bobsboots writes: “Released in 1971, it is unclear why this original TMOQ package was pressed from entirely different plates then the other versions. The completely uncharacteristic matrix would suggest that TMQ acquired these plates from another manufacturer. No evidence, however,  has been found that would suggest that the title was ever released by anyone else under this matrix. Perhaps TMQ was just in a new and experimental mode. There are variations in the matrix to suggest one or both of the above hypotheses. Some matrix have an ‘-RI’ following. Some have other numbers as well that are crossed out. These ‘BD’  releases are indeed an enigma!
The various released packages came with yellow, white or beige jackets and clear green green or or blue vinyl, large ‘1&2’ labels, original pig logo labels and a deep red, gray or beige insert.

These plates were also later used to press the ‘Dead head’ release. It had a white jacket, a copy of the original insert, an added Dead-head logo and BD-105 reference number, and great looking clear/multicolor splatter vinyl with no labels. ”

[I’d love to say with confidence that BD-105 was Ken’s version but then why was the other version – RAH-115 – used for the TAKRL 1962 version? Were Ken and Dub’s plates swapped? And wasn’t Toasted one of Ken’s spin off labels as well? I am confused at this point.]

Flat 8225: FLEETWOOD MAC 1975  OFFHAND has already been reviewed as part of the SODD title “Will The Real Fleetwood Mac Please Stand Up”

[Many thanks for the Dr. for sending me this scan.]

Track list: (Hot Wacks lists for side 1 only) Redunzel / Dog Breath 50-50 / Son Of The Clap / The Nancy & Mary Music Parts 1, 2, & 3 / Montana

The Flat release is then ‘name dropped’ as part of this later release:

Frank Zappa: Dupree’s Paradise (2 LP)

* Duke University, Durham, North Carolina, 24-Feb-1973

Label listed on cover and spine as “The Impossible Recordworks”, but on labels as “The Excitable Recordworks”.
Tracks are not seperated, each side consisting of a single track.

Both discs have identical labels, but track listing is as listed on rear cover.

Side A duration: 19:03
Side B duration: 23:11
Side C duration: 20:11
Side D duration: 26:20

The actual catalogue number is IMP 2-24.

Zappa F DP b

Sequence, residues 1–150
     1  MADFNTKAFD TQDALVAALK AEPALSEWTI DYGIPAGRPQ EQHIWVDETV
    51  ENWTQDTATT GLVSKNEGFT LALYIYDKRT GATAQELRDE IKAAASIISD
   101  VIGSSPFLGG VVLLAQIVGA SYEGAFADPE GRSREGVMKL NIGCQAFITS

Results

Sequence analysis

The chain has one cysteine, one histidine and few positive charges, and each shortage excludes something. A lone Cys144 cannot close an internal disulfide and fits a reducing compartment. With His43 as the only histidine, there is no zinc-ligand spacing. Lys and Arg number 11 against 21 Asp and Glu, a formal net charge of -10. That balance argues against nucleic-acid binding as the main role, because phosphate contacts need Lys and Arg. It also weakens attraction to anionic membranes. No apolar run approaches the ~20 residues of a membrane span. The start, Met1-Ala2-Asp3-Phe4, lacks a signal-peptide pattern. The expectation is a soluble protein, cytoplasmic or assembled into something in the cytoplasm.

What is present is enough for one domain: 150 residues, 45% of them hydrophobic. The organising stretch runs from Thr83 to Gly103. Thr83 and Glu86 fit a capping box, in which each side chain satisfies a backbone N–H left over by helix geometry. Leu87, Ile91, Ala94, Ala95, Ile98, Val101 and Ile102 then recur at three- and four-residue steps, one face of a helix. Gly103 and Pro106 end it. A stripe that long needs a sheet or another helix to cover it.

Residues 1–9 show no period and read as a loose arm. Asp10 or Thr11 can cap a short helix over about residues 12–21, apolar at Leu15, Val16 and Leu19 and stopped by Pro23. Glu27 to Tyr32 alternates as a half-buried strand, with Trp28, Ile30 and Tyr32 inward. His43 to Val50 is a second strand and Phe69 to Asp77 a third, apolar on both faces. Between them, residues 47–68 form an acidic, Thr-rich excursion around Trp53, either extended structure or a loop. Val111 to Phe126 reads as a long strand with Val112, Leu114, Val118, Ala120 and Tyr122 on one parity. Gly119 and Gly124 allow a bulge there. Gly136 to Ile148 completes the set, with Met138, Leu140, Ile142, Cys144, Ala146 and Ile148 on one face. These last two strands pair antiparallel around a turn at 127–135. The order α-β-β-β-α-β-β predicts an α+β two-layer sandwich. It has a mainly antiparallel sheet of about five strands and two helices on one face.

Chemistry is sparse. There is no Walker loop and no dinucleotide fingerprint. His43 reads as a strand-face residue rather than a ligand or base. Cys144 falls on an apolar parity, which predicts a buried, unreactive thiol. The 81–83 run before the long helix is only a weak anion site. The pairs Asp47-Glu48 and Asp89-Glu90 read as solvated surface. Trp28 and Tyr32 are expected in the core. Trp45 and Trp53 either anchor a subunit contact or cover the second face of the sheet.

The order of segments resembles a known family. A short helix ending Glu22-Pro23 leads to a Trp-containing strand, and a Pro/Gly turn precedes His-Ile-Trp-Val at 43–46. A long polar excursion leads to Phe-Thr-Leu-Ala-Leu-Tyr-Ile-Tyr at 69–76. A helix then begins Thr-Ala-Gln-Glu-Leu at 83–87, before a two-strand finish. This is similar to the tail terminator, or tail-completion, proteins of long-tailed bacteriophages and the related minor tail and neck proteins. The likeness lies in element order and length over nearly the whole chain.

* Re-released on Toasted Records with a deluxe color cover[ca. 1981, see the “Frank as Medusa” color cover below]
* Also abridged to Pygmy Pony (Spindizzle/Flat FW 8228)

Musicians: Frank Zappa, Jean-Luc Ponty, George Duke, Ian Underwood, Ruth Underwood, Bruce Fowler, Tom Fowler & Ralph Humphrey
Dupree’s Paradise

Length: 88:20
Sound quality: Audience B
Label: Impossible Recordworks IMP 2.24,

1. RDNZL[listed as “Redunzel”] [06:16]
2. Dog Breath Variations[listed as “Dog Breath”] [03:09] / Uncle Meat [02:43]
3. Fifty-Fifty [instrumental] [07:01]

4. Inca Roads [instrumental] [07:04]
5. Warts & Mice [an improvisation]
6. Improvisation [16:15 (together with “Warts & Mice”)]

7. Montana [06:48]
8. Dupree’s Paradise [09:15]
9. I’m the Slime [04:14]

10. Don’t You Ever Wash That Thing?[listed as “The Nancy & Mary Music”] [20:37]
11. Cosmik Debris [05:58]

Tracks 5-6 are 16 minutes of radiant improvisation. Deluxe black & white cover. Released in 1979.

Review on “This two-record set is a bootleg recorded by a member of the audience during a concert by Frank Zappa at Duke University (in 1973, not 1974 as shown on the cover), with Zappa leading an eight-piece band that includes violinist Jean-Luc Ponty, keyboardist George Duke, and multi-reed player Ian Underwood (making his final tour with Zappa). The first five tracks originally appeared on a single bootleg LP called Pygmy Pony, but a portion of the introduction to “Inca Roads” was edited out to allow time to include Zappa‘s introduction of the musicians at the beginning of the concert — and to possibly omit the annoying conversation between the person taping the concert and another member of the audience during the early portion of “Inca Roads,” which was very audible on the earlier single LP bootleg.

“RDZNL,” “Dog Breath,” and “Fifty-Fifty” make up the initial long and spirited medley prior to the sudden edit into the middle of “Inca Roads.” A group improvisation works rather well, as does a lengthy jam on “Montana.” The nicest surprise is the instrumental “Dupree’s Paradise,” which didn’t appear on a commercial Zappa release until Pierre Boulez conducted an orchestral version in 1984 (though a nearly 24-minute version was recorded at a 1974 concert but not released until 1988 by Rykodisc). The music on this album makes up for its audio shortcomings.”